Houston Hit by ‘Catastrophic Flooding’ from Harvey

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HOUSTON, TX – AUGUST 26: Rain from Hurricane Harvey batters the downtown area on August 26, 2017 in Houston, Texas. Harvey, which made landfall north of Corpus Christi late last night, is expected to dump upwards to 40 inches of rain in Texas over the next couple of days. (Photo by Scott Olson/Getty Images)

HOUSTON, Tex. — Hundreds of water rescues were underway in Houston early Sunday, officials said, as torrential rain from deadly Hurricane Harvey caused “catastrophic flooding” in the city and across southeast Texas, the National Hurricane Center said.

“This is a life-threatening situation,” said Michael Palmer, lead meteorologist at the Weather Channel.

As responders rushed to save people from flooded homes and stranded cars, Houston city officials said emergency services were “at capacity” and warned residents to “shelter in place” and not to call 911 unless they were in “imminent danger.”

The south side of the city was being deluged by up to six inches of rain every hour overnight, the Office of Emergency Management said.

The U.S. Coast Guard said it was conducting urban search and rescue operations in the greater Houston area and that its local command center had received more than 300 requests.

“Currently there are five MH-65 Dolphin Helicopters conducting rescues,” the statement said.

The flooding came as emergency services along the Gulf Coast scrambled to reach those in need of assistance, and many in the path of the storm began to assess the devastation. The full extent of the damage was not yet clear and heavy rain and fierce winds have kept emergency crews from reaching the hardest-hit places.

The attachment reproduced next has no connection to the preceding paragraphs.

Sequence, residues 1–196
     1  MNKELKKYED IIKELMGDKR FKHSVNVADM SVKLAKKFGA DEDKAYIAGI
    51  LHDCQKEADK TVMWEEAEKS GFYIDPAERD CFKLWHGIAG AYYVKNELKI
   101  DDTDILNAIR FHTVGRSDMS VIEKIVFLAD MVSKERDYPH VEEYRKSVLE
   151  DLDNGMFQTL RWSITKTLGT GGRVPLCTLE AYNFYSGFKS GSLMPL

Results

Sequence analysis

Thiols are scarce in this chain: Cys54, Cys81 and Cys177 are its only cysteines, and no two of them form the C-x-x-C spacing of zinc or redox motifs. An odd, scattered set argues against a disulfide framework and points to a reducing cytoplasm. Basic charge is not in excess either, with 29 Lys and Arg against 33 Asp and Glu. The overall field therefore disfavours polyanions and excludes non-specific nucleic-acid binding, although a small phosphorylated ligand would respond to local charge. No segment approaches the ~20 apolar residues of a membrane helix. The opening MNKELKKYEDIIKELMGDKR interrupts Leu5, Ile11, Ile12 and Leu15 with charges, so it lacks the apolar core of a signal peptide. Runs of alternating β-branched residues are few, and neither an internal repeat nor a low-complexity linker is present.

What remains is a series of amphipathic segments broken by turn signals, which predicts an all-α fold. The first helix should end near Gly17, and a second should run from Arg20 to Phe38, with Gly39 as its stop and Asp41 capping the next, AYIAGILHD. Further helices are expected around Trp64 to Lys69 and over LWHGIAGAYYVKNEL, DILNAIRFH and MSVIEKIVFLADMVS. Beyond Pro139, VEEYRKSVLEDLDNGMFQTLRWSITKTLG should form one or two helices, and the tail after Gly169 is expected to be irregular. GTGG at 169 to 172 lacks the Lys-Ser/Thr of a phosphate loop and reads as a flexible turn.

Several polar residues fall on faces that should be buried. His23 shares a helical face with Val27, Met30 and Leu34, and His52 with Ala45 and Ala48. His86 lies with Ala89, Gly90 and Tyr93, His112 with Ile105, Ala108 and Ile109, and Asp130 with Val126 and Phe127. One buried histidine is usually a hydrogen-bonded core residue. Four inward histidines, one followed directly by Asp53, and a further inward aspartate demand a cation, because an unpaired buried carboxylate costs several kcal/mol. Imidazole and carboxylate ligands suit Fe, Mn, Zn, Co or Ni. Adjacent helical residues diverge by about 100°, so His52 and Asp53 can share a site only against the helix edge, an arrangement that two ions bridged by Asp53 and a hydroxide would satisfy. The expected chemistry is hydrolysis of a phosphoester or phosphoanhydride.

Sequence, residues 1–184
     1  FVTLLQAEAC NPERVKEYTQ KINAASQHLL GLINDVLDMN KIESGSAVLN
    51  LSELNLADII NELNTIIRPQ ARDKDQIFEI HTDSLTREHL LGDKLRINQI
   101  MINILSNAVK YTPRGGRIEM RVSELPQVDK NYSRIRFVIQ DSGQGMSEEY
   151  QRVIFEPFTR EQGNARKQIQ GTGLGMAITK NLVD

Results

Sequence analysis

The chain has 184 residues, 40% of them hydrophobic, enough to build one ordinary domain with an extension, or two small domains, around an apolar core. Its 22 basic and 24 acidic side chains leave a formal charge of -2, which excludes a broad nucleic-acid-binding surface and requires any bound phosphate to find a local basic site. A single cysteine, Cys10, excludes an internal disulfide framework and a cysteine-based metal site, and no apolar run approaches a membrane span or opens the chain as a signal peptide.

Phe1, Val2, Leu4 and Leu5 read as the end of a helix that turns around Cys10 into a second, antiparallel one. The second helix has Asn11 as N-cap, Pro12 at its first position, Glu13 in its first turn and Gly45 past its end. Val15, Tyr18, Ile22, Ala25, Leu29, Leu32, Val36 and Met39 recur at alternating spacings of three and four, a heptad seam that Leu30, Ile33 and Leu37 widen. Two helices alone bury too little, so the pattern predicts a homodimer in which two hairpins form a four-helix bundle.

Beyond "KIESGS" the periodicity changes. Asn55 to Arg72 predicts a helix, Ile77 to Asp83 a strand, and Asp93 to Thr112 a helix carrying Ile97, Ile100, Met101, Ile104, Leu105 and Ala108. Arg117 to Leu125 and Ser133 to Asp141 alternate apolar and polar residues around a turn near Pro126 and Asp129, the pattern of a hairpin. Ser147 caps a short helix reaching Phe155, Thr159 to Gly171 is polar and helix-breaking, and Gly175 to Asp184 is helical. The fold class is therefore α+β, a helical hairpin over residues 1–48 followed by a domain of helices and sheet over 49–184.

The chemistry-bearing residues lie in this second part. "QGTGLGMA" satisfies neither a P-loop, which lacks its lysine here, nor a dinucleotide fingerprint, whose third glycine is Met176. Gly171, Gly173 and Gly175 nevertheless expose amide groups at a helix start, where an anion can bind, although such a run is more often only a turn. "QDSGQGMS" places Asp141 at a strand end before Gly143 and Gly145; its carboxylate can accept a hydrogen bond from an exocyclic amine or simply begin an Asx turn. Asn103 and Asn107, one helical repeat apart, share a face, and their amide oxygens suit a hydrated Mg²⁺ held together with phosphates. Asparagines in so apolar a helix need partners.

It came as Brock Long, administrator of the Federal Emergency Management Agency (FEMA), told NBC News’ “Meet The Press” Sunday morning that the recovery effort would take “years.”

Long told host Chuck Todd that President Donald Trump was “extremely concerned” about the situation on the ground.

“He’s given me all the authorities to amass the resources from the federal government down through our state and local partners,” he said adding, “right now we have nearly 5,000 staff that we have coordinated across the federal government within the states of Texas and Louisiana.”

At least two people have died since Harvey made landfall late Friday as a Category 4 hurricane. One was found dead in a vehicle in Houston on Saturday night in a possible drowning amid flooding in the city, a Houston fire department spokesperson said. Another died in a house fire in Aransas County that rescuers could not reach because of flooding.

Harvey was downgraded to a tropical storm as of 2 p.m. ET Saturday.

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